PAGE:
Here’s a quick video showing how easy it can be to maintain the chlorine in a large inflatable pool.

Chlorine In Small Inflatable Pools

For small inflatable pools that you don’t want to empty and refill so often, you can add a small amount of bleach to the water to sanitize it. Add about a 1/4 tsp for every 10 gallons of water, or for medium sized inflatable pools, add 2 1/2 tsp for every 100 gallons. This is similar to shocking a pool, and you should only need to do this every couple weeks.

Mix the bleach separately in a bucket of water and dump it into the pool. Stir the water and wait an hour or so before using the pool.

Step 5: Keep Pool Cleaned And Covered

The last step is to simply clean out any dirt and debris that has built up inside the pool. The filter pump should take care of most of this, but it won’t get everything. Keeping dirt, leaves, and other debris out of the pool will allow the chlorine to do its job better, and last longer.

Keeping the pool covered will help the chlorine last longer as well. Chlorine can be eaten away or burnt up by the sun. Covering the pool when it’s not in use can extend how long your chlorine works, and reduce your maintenance time and costs.

Can I Swim In My Pool Without Chemicals?

Yes, you can keep a pool sanitized and clean enough to safely swim in without using chemicals. The most common approaches are to use a saltwater based system, use ozone purification methods, use an ultraviolet pool sanitizing light, or empty and refill the pool water regularly.

It’s most common for inflatable pool owners to use a saltwater sanitizing system, or to empty and refill the pool if it’s small enough. Emptying and refilling a small inflatable pool or a kiddie pool is the cheapest and easiest way to ensure the water is clean enough to swim in.

Empty and refill the water of small pools every few days to avoid worrying about chemicals or testing pH levels.

Here’s a cool video showing a family with a biological pool filter. These are not very common, won’t work for inflatable pools, and can be quite expensive, but it’s a cool idea anyway.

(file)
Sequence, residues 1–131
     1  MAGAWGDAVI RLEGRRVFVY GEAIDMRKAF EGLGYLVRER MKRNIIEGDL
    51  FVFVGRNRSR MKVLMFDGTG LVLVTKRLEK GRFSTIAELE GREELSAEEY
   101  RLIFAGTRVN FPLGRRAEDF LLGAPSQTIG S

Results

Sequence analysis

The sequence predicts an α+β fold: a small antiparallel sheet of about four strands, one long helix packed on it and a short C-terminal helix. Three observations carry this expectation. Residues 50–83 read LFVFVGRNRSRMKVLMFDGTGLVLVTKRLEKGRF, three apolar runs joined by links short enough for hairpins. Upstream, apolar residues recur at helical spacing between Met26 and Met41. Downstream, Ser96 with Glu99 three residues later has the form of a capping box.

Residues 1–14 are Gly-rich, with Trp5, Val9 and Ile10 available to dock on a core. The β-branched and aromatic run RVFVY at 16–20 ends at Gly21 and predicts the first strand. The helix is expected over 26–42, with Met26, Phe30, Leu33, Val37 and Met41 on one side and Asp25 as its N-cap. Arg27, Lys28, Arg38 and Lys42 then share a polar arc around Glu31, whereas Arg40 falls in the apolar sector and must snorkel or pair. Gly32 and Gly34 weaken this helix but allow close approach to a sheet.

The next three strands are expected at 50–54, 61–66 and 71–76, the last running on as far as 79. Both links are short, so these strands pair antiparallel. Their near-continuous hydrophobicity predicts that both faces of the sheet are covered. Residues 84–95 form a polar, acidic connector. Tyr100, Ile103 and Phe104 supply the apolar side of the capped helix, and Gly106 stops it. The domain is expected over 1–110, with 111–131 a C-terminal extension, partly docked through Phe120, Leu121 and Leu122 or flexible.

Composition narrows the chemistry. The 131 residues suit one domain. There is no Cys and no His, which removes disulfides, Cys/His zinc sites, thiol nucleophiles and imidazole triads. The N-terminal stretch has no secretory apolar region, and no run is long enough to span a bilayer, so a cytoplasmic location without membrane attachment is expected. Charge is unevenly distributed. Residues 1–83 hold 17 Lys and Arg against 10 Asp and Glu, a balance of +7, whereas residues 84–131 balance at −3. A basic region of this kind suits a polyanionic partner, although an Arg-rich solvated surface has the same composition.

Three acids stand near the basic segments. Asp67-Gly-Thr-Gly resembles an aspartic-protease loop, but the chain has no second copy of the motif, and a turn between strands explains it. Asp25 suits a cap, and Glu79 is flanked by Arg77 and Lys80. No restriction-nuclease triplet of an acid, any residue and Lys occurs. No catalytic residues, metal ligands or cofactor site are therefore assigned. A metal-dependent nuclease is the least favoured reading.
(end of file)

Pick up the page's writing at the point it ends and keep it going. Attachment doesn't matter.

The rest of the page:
Saltwater In An Inflatable Pool

They do make saltwater systems for above ground pools for those who don’t want to use chemicals. For example, this Intex Pool Saltwater System found on Amazon. This is a great system for people who want to get rid of all the hassle that comes with using chlorine.

I will say however, that salt is corrosive. Over time you may notice nearby plants dying or corrosion to some decking materials. A saltwater system requires less maintenance, but it can have its drawbacks too.

The system will produce chlorine to sanitize the water still, but it’s a chlorine gas that gets produced from the salt rather than adding chlorine to the water directly. The salt turns the pool water into a saline solution, killing bacteria and viruses much like chlorine does.

The saltwater system is added onto your existing filter pump and pool equipment system. Usually instructions are included to show you how to set up everything up the right way.

Here’s a video showing a review of the saltwater system I linked to above to give you an idea of how this would work on your pool.

How Often To Change The Water In An Inflatable Pool

If you’re using a saltwater system or chlorinating your pool water, you will not have to change the water at all. For smaller inflatable pools not being sanitized in some way, you’ll want to drain and refill the water every 2-4 days to prevent bacteria from growing that could harm the swimmers.

If you’re on town water, there will already be a certain amount of chlorine in your water to sanitize it. If that’s the case, you may be able to go 5 days or up to a week before changing out the water depending on the amount of added chlorine it has in it.

When changing out the water, it’s a good idea to wipe the pool down with something like Lysol sanitizing wipes or a rag soaked in water with a little bit of bleach in it. Check out my How To Clean An Inflatable Pool article for a step by step guide on that process.